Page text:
The Detailed Labour Force figures confirmed that Greater Sydney had the lowest unemployment rate in August 2016 at 4.7 per cent, while Greater Brisbane has also been trending down nicely on this measure.
In truth, though, these headline unemployment rates mask under-utilisation across most employment markets.
It’s not that hard to see why employment growth is slowing in Australia.
The Sydney jobs market, which was firing, has lost its fizz of late.
Brisbane, too, is not creating as many jobs as it was, while Perth, Hobart and Darwin are in negative territory year-on-year (as are several of the ‘rest of state’ markets, including regional Western Australia, Tassie, and the NT Outback).
Not that great.
Overall then, year-on-year employment growth has sagged to +182,500, with a high share of that work being part time in nature.
The net new jobs that have been created have been in Melbourne, regional New South Wales and Victoria, Sydney, and Brisbane.
Lest you think otherwise, I don’t have any personal gripes with Townsville.
It’s merely that this data series doesn’t provide figures across that many sub-regions, and Townsville provides a useful snapshot of the trends that have played out across many resources regions.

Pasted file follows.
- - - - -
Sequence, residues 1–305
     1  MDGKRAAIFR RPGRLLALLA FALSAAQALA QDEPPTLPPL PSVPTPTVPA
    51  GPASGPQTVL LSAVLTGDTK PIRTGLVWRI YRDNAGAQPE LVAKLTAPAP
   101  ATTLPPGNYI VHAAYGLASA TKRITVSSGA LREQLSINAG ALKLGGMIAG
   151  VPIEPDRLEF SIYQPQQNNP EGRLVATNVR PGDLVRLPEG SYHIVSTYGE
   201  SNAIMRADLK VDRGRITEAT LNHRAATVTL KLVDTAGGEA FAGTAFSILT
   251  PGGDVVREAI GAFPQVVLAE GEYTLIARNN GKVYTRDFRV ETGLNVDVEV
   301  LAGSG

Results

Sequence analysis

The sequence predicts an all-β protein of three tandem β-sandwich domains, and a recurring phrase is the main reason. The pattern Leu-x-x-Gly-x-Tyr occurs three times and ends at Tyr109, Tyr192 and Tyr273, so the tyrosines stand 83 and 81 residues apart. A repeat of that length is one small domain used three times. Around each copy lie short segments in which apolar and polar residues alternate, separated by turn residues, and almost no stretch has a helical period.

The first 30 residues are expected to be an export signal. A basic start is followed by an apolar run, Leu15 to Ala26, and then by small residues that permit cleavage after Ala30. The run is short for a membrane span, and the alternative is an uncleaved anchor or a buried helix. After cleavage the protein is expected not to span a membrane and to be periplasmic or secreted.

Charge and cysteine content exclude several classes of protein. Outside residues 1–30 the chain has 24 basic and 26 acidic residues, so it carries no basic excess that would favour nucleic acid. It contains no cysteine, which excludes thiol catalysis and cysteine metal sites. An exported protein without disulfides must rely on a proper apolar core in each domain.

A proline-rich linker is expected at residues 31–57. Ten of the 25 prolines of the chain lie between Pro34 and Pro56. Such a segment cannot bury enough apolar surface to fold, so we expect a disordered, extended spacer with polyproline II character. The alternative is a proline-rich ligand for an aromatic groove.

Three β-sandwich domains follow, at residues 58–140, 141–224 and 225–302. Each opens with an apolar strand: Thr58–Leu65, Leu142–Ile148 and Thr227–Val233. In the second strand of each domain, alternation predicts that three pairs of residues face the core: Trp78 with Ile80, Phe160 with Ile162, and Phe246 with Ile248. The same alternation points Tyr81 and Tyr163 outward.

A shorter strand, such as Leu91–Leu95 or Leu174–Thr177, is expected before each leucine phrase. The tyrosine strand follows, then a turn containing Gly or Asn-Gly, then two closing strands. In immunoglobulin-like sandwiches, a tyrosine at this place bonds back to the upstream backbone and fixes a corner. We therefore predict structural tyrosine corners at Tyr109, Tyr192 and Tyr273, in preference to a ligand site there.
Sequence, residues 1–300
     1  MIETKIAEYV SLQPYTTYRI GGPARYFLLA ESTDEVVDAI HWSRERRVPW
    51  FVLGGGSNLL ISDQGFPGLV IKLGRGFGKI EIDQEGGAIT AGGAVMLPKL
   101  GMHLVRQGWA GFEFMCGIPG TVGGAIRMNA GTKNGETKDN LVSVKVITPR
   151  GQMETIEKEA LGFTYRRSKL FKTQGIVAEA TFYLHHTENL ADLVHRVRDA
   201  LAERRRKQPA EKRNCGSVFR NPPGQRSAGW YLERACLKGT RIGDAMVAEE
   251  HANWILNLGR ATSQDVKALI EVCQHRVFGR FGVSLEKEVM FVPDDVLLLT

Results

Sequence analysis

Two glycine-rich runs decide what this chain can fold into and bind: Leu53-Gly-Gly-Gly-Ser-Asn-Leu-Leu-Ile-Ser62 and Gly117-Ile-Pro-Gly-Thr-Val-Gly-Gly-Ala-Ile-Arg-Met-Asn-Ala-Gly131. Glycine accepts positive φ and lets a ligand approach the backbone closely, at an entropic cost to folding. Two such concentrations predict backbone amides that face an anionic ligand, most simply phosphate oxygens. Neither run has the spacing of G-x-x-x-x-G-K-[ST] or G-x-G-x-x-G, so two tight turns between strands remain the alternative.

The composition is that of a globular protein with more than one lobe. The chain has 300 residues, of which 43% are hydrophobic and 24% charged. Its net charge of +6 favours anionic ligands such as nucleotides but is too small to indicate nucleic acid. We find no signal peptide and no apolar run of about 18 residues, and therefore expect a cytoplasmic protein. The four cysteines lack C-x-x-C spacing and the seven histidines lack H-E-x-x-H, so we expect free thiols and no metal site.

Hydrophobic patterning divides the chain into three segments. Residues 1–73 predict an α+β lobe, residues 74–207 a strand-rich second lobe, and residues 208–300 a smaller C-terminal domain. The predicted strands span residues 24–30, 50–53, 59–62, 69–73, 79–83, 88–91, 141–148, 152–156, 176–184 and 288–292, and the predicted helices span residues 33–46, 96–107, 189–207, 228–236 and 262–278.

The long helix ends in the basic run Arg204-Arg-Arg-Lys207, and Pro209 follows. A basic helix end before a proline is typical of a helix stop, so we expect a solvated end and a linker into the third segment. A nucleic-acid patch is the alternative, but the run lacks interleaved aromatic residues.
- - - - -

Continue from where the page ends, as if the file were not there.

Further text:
Total employment here is 27 per cent below the 2010 peak, largely thanks to a combination of the mining downturn and a drought.
There are 15,600 unemployed folks in the Townsville region, and the unemployment rate is 14.5 per cent.
Resources regions will recover eventually from the collapse in investment.
In fact, I expect the nadir in mining investment will be reached within the next 18 months.
But it will take time for the slack in Australia’s labour force to be taken up, and potentially a very long time.
Impossible to say what will happen for sure.
But if I was a punter I’d have a few bucks on the cash rate being in a range of 1 to 2 per cent for the next three years, maybe more.